1. Neuroscience
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Foggy perception slows us down

  1. Paolo Pretto  Is a corresponding author
  2. Jean-Pierre Bresciani
  3. Gregor Rainer
  4. Heinrich H Bülthoff  Is a corresponding author
  1. Max Planck Institute for Biological Cybernetics, Germany
  2. University Pierre Mendès-France and CNRS, France
  3. University of Fribourg, Switzerland
Research Article
Cite this article as: eLife 2012;1:e00031 doi: 10.7554/eLife.00031
4 figures

Figures

Experimental design and time course of trials.

(A) Experiments 1 and 3: for each trial, the first scene was presented for 700 ms, which included a 100-ms fade-in phase at the beginning and a 100-ms fade-out phase at the end. The second scene was presented 300 ms after the end of the first scene and had the same temporal structure as the first one. Participants had to fixate a central cross for the whole duration of the trial. The order of presentation of the reference and test scene was randomized. (B) Experiments 2 and 4: three driving sessions (i.e., one per target speed) were performed in random order for experiment 2, and one session for experiment 4. Before each test session, the drivers performed a training phase in which a numerical feedback indicated the driving speed when it did not match the target speed (white digits at the bottom of the screen, left panel). In each training phase, the drivers had to drive a total of 5 min at target speed. In addition, at the beginning of each test trial, the scene was shown for 7 s moving at target speed with clear visibility (memory refresher).

https://doi.org/10.7554/eLife.00031.003
Visibility conditions.

(A) Clear weather conditions (clear visibility): contrast is unaltered and the visibility is optimal in all directions (brown line). (B) Distance-independent contrast reduction (uniform contrast): visibility drops equally for all objects of the visual scene, irrespective of their distance from the observer (green lines). (C) Distance-dependent contrast reduction (fog): visibility is good for close objects, and worsens as distance from the observer increases (red lines). (D) Reversed distance-dependent contrast reduction (anti-fog): visibility is poor for close objects, and improves as distance from the observer increases (blue lines). (E) Pictures of the actual setup: side view (left) and driver's view (right).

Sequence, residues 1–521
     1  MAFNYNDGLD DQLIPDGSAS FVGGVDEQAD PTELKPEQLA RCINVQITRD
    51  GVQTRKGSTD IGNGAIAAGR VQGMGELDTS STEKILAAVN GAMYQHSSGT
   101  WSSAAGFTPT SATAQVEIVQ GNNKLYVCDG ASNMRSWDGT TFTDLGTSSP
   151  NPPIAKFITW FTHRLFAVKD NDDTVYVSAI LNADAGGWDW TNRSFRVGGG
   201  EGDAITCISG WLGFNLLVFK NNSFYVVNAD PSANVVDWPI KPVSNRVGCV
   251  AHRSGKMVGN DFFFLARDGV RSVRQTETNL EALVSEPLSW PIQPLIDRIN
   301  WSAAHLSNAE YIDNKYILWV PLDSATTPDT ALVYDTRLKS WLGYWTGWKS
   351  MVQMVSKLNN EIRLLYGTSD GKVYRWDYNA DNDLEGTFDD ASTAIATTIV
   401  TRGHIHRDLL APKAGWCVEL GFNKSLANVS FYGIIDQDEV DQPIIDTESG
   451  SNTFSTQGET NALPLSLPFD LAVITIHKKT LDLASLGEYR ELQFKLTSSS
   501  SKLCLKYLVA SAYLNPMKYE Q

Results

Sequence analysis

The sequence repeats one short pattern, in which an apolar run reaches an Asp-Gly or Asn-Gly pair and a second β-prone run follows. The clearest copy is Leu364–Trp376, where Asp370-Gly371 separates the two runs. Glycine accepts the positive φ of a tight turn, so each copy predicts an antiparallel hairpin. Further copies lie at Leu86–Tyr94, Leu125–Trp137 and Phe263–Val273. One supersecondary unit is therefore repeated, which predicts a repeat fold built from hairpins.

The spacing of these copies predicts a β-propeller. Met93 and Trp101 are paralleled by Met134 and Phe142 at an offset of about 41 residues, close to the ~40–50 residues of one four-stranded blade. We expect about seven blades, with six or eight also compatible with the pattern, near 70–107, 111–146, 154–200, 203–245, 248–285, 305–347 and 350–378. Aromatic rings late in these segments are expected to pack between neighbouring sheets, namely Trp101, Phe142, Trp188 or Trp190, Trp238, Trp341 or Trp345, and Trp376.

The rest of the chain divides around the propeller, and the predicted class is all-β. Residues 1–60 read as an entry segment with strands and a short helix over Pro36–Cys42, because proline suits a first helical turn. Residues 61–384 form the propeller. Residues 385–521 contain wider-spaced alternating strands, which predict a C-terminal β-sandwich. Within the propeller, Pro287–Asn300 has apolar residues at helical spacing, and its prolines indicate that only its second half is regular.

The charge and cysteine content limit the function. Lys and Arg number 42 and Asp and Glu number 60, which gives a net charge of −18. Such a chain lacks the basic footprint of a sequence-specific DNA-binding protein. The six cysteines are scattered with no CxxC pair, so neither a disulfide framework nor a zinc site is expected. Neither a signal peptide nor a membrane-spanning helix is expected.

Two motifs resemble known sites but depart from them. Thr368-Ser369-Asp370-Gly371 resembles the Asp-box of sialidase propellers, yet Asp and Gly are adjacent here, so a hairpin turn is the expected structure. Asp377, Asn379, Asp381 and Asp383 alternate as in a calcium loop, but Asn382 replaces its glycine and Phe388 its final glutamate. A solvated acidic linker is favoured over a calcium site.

https://doi.org/10.7554/eLife.00031.004
Opposite effects of distance-dependent and distance-independent contrast reduction. Experiments 1 and 2.

(A) Mean perceived driving speed across subjects as a function of visibility: for each subject, PSE values were averaged across the three target speeds (i.e., 40, 60, and 90 km/hr), then perceived speed was calculated using the following equation: Speedperceived = PSEclear + PSEclear × ln(PSEclear/PSEreduced visibility). As compared to clear visibility (brown dashed line), speed was overestimated with distance-dependent visibility reduction (red bars) and underestimated with distance-independent visibility reduction (green bars). (B) Mean produced driving speed across subjects as a function of visibility: for each subject, measured speed values were averaged across the three target speeds. As compared to their driving speed with clear visibility (brown dashed line), drivers drove slower with distance-dependent visibility reduction (red bars) and faster with distance-independent visibility reduction (green bars). In both (A) and (B), the error bars represent the standard error of the mean. PSE: point of subjective equality.

https://doi.org/10.7554/eLife.00031.005
Opposite effects of fog and anti-fog. Experiments 3 and 4.

(A) Mean perceived driving speed across subjects as a function of visibility: Perceived speed was calculated from the measured PSEs using the following equation: Speedperceived = PSEclear + PSEclear × ln(PSEclear/PSEreduced visibility). As compared to clear visibility (brown dashed line), speed was overestimated when visibility was better for close than for distant objects, that is, in fog (red bars), and underestimated when visibility was better for distant than for close objects, that is, anti-fog (blue bars). (B) Mean produced driving speed across subjects as a function of visibility: As compared to their driving speed with clear visibility (brown dashed line), drivers drove slower when visibility was better for close than for distant objects, that is, in fog (red bars), and faster when visibility was better for distant than for close objects, that is, anti-fog (blue bars). In both (A) and (B), the error bars represent the standard error of the mean. PSE: point of subjective equality.

https://doi.org/10.7554/eLife.00031.006

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